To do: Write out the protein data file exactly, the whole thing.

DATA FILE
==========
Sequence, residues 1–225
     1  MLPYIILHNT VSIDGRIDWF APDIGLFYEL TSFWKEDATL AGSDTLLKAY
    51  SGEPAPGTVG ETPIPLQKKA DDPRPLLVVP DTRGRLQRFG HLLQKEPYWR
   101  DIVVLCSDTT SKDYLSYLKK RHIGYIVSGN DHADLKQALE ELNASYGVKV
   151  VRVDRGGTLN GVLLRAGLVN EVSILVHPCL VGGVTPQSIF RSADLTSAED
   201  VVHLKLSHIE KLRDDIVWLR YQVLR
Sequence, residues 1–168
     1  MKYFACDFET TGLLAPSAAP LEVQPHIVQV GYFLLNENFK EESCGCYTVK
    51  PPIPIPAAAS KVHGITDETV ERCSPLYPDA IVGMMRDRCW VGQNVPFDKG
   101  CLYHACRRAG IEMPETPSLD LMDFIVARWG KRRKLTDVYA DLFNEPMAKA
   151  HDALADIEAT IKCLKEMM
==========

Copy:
Sequence, residues 1–225
     1  MLPYIILHNT VSIDGRIDWF APDIGLFYEL TSFWKEDATL AGSDTLLKAY
    51  SGEPAPGTVG ETPIPLQKKA DDPRPLLVVP DTRGRLQRFG HLLQKEPYWR
   101  DIVVLCSDTT SKDYLSYLKK RHIGYIVSGN DHADLKQALE ELNASYGVKV
   151  VRVDRGGTLN GVLLRAGLVN EVSILVHPCL VGGVTPQSIF RSADLTSAED
   201  VVHLKLSHIE KLRDDIVWLR YQVLR
Sequence, residues 1–168
     1  MKYFACDFET TGLLAPSAAP LEVQPHIVQV GYFLLNENFK EESCGCYTVK
    51  PPIPIPAAAS KVHGITDETV ERCSPLYPDA IVGMMRDRCW VGQNVPFDKG
   101  CLYHACRRAG IEMPETPSLD LMDFIVARWG KRRKLTDVYA DLFNEPMAKA
   151  HDALADIEAT IKCLKEMM